Locally, we’ve found there has been a range of courses being consumed by Australians, with the top courses on the platform in April being; Time ManagementWorking from HomeRemote Work Foundations and The Six Morning Habits of High Performer. We are also seeing increased viewing of mindfulness courses, showcasing a need for more emotional support, as businesses go online and normal means of communication and camaraderie amongst colleagues dwindle.

Paul McCrory, Group Director – Global Business Group, Facebook

Have you seen interesting consumer trends from your users on Facebook recently during the quarantine period?

We’re seeing a shift back to community-first values and a new-found appreciation for social connections. From bin isolation outings to community volunteering, we have moved on from panic buying to displays of empathy and connection. More than 200,000 people in Australia are members of 400 local Facebook support groups set up against COVID-19.

It also seems we are finally there with COVID fatigue. What once was massively newsworthy and grabbed our attention has over time become part of our everyday lives. Interactions with COVID-related public posts on Facebook and Instagram have fallen back significantly since peaking mid-March and news content consumption is declining.

Three ways that brands can increase resonance and drive value on our platforms are via Say, Act and Access.

Say: Showing up through words
Act: Showing up through actions
Access: Showing up through customer service and e-commerce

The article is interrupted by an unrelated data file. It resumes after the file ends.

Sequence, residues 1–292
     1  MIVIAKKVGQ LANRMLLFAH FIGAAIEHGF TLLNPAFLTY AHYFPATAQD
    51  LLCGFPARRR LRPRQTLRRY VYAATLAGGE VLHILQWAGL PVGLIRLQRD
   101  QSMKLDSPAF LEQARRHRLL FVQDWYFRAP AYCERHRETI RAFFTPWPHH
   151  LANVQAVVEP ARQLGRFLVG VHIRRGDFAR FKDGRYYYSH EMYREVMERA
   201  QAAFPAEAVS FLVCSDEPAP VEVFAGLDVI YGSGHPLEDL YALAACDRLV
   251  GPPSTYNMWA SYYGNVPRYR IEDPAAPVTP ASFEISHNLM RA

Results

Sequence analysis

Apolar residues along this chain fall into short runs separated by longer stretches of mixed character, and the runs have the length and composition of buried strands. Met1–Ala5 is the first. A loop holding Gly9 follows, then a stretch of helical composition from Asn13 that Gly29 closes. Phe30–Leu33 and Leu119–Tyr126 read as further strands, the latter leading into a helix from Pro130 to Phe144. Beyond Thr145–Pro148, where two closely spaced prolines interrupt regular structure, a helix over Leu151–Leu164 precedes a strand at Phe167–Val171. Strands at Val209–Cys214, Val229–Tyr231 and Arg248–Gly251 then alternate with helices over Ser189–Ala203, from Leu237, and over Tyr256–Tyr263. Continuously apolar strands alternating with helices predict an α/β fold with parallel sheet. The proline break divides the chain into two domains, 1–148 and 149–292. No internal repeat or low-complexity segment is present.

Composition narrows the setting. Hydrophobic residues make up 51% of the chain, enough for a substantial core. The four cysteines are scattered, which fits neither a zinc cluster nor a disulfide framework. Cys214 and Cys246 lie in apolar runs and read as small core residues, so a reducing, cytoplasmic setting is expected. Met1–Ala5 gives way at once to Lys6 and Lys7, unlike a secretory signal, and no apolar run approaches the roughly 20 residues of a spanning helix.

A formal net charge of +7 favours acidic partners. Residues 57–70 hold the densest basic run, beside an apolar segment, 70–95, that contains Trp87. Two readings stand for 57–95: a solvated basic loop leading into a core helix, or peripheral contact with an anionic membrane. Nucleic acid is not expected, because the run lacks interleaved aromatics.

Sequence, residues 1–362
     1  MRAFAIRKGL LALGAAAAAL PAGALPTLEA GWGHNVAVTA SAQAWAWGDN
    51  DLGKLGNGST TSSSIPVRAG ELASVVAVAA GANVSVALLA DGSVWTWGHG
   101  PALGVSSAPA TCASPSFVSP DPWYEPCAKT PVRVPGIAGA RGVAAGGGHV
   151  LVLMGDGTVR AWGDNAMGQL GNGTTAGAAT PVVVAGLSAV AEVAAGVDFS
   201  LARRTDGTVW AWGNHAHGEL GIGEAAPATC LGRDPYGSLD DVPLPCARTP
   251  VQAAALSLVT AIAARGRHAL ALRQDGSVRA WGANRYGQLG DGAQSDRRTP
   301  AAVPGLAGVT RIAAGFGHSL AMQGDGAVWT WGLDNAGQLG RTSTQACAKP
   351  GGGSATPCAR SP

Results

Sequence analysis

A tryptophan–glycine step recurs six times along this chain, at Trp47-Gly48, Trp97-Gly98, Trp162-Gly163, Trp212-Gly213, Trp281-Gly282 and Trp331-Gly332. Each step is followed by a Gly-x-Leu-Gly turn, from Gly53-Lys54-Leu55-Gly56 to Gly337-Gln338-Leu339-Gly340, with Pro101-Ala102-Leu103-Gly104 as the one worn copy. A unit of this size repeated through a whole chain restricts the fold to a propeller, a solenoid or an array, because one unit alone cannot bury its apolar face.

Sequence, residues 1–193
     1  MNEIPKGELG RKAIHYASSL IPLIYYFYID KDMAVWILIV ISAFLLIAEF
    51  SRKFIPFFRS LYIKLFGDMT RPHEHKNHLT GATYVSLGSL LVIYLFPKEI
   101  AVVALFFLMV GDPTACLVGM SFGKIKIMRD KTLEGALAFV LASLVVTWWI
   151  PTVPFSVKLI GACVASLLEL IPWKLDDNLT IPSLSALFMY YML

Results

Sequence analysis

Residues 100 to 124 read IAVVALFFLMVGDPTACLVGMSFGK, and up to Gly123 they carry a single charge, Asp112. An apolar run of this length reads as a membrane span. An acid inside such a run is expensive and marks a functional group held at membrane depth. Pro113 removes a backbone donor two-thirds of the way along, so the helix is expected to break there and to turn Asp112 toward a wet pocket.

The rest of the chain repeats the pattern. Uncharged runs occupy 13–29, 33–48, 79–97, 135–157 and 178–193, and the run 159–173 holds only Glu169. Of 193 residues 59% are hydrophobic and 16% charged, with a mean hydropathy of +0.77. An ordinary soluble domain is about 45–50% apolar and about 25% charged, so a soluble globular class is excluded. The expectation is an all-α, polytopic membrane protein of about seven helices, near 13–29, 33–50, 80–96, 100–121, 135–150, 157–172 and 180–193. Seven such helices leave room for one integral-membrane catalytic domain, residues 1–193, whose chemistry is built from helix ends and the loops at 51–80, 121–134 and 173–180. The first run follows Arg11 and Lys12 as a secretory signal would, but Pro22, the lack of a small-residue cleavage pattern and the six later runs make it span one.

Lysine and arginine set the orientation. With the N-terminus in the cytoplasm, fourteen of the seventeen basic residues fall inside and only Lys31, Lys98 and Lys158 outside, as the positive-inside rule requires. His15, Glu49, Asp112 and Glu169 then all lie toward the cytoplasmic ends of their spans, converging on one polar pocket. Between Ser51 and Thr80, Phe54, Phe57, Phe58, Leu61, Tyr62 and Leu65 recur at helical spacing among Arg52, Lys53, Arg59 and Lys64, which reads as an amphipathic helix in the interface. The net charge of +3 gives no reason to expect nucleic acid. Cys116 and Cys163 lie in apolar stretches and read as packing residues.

Are there any specific Australian community-related projects that have been launched by Facebook during the COVID-19 pandemic?

We recently launched the Covid-19 Information Centre across Facebook. This dedicated space helps elevate official information and provides advice and tips from authoritative Facebook Pages. To ensure people have access to locally relevant information, we are featuring detailed information to access mental health and crisis helplines. In Australia, Lifeline, Kids Help Line, Beyond Blue and Headspace and in New Zealand, Lifeline & Youthline and 1737 Need to Talk all feature in the Covid-19 Information Centre.

Carin Lee-Skelton, Australia and New Zealand Country Manager, Pinterest

Have you seen any especially noteworthy activities, themes or topics from your communities on Pinterest during the COVID-19 quarantine period?

As people stayed at home over the past weeks working, homeschooling and cooking during quarantine, we’ve heard from Pinterest users that Pinterest is their positive space to find helpful tips and ideas for everything from quick recipes, kids activities, self-care and more. Searches for working from home were up 3x, self-care checklist up 4x, spa day at home up 4x and Netflix aesthetic up 8x as people bask in images of their Netflix obsessions.